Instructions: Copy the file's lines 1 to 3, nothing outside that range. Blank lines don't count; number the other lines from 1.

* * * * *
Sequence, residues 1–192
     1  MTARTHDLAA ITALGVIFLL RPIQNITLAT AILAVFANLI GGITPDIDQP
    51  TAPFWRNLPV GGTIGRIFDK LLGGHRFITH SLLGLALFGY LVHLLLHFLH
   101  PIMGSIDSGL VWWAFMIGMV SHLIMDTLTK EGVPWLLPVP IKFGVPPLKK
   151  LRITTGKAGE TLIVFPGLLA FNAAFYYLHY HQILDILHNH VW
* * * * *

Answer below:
Sequence, residues 1–192
     1  MTARTHDLAA ITALGVIFLL RPIQNITLAT AILAVFANLI GGITPDIDQP
    51  TAPFWRNLPV GGTIGRIFDK LLGGHRFITH SLLGLALFGY LVHLLLHFLH